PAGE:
Notice: use of Fabric in production is not recommended in its current state. Please wait for an official release before deploying.
Fabric is a research project intent on discovering the best means for developing secure, decentralized applications that benefit humanity in its relentless pursuit of truth.
We're designing next-generation technologies that solve the most fundamental challenges in society, ranging from economic oppression and institutional violence to the efficient distribution of cat photos and dank memes.
To install Fabric, ensure
node -v >= 8.0.0 and
npm i FabricLabs/fabric into
whichever repository you intend to publish.
npm run cliprovides a direct command-line interface to the Fabric network.
npm run docscreates a local HTTP server for browsing documentation.
npm run examplescreates a local HTTP server for interacting with examples.
npm startcreates a local Fabric node.
Using as a Library
Fabric exposes a constructor with several components which are convenient for including in your existing applications. Convenient functions exist for common frameworks such as React and Angular.
const Fabric = require('fabric'); const service = new Fabric();
service now contains a full instance of Fabric, including
methods for storing and retrieving documents. Use
npm run examples to see
Legacy systems are constantly failing, resulting in the loss of some really cool things! Some are rushing to save the good stuff, from content (see the great folks at Archive.org) to infrastructure and even the applications themselves. When systems fail, they often take value with them as collateral damage. Fabric is an attempt at solving this problem.
It's more than content — it's how we approach it, too. Society has a complex relationship with technology, and a good technology is an extension of our humanity. A great technology is one that improves our humanity. If we're designing systems that must be saved, how can we change our approach so that they survive on their own?
It turns out our technology has been designed around old paradigms, and in some cases it wasn't the best idea or design that "won". Some parts of the world's most important infrastructure (the Internet) are incredibly vulnerable, and in some cases even directly endanger people's lives.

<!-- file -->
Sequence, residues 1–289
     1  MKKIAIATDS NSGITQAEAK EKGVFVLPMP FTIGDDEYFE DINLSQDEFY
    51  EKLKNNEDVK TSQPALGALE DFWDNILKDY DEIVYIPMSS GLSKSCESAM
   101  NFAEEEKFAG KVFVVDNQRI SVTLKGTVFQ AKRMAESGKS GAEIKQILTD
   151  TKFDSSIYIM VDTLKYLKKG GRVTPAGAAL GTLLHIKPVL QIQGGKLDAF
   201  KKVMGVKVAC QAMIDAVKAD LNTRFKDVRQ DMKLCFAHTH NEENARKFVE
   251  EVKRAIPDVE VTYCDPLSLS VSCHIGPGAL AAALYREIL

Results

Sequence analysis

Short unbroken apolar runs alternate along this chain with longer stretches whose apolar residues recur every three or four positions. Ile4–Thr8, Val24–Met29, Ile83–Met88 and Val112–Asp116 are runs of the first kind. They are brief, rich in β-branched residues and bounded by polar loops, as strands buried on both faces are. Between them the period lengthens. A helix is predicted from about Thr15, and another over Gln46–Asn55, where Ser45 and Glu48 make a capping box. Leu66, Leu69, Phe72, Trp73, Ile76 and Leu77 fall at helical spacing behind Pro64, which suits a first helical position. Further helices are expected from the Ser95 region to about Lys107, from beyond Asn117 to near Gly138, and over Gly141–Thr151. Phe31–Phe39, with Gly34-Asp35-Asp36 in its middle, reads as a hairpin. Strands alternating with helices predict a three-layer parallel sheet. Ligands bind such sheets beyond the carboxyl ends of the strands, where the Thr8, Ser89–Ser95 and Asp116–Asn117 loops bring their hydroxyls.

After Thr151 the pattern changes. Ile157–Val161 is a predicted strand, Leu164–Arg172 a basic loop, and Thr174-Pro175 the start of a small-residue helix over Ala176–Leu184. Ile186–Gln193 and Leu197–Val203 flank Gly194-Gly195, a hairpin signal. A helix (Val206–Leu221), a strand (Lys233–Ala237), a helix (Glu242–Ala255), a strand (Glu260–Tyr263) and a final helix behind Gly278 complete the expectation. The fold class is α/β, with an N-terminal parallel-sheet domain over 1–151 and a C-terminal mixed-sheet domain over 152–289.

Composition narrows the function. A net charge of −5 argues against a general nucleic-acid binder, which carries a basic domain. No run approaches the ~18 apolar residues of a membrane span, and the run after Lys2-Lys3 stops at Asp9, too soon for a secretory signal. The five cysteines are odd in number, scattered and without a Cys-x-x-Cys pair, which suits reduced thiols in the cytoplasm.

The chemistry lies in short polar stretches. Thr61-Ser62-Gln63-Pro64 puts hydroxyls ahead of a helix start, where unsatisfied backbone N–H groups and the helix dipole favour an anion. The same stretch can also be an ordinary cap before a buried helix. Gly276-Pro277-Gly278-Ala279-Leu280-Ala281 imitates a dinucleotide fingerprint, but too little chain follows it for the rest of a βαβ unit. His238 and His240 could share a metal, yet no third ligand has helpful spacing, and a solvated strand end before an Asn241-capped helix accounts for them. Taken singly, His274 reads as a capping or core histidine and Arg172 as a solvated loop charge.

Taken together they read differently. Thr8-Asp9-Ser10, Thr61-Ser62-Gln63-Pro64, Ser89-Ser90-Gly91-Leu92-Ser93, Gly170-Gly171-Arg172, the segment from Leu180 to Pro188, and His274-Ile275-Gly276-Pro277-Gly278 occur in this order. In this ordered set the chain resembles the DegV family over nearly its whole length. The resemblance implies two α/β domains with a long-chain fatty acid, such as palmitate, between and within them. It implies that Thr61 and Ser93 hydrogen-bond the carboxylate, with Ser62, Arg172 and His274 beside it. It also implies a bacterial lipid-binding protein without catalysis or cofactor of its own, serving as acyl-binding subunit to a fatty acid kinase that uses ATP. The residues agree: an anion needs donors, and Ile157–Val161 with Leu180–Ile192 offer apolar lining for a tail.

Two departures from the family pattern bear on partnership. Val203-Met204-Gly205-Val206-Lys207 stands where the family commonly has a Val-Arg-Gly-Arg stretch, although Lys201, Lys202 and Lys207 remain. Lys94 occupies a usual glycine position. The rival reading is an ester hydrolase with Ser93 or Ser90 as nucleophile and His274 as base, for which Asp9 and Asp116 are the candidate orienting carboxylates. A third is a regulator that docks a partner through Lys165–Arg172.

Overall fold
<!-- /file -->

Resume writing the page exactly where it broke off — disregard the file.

It's time we started building software that is secure by default, made widely available (especially to those in need), and empowering in a deeply personal way.
Who are we?
We're the people behind projects like the Maki application framework, the DECENTRALIZE podcast, and the Bitcoin Strategy Group. Our community comes from all around the globe, but we've all been connected by a powerful technology like none before: the Internet. We want to protect the value that the Internet offers society.
We believe that secure decentralized systems play an essential role in creating
the trust necessary for a future society to rely on infrastructure that operates
outside of their direct control. We believe that for such a society to exist,
the default mode should be
local, wherein the user is most empowered to effect
We believe in the power of the people to create better things in collaboration, and have ideas about general improvements to quality of life that derive from the mathematical quality of superadditivity. "A sum greater than its parts" is the famous anecdote, a feeling often evoked upon observing the beauty in coordination.
We believe that collaboration begins with the author, who has the power to publish their own content and right to benefit from its use. Intermediaries offering little or no value should be removed, and efficiencies gained.
Several other projects have used the name Fabric, as it's a great way to describe a network of things, conjuring feelings of nets and webs. Here are some links to them, as they offer some interesting things completely unrelated to our goals.
- Fabric python project (#fabric on Freenode)
- Fabric application framework by Twitter (ours is called Maki)
The best place to get started is in the #learning community, a collection of empassioned educators eager to help you.
Fabric is an open-source project, meaning we rely on volunteer time to develop and maintain our initiative. We collect donations through a publicly-auditable system (hint, it's Bitcoin!), but the most valuable thing you can do right now is to participate in the conversation, and if you're so inclined — consider contributing some code!
Developers, head on over to #development to dive straight in. We've got a lot of cool things to build, so please come help. :)
Bitcoin donations may be sent to 3Nc9HqZdfQR7W6c1JN926Rc7vU6eT1wxxn, or perhaps even set up a recurring donation through Gratipay.
We love social media. Connect and chat with us.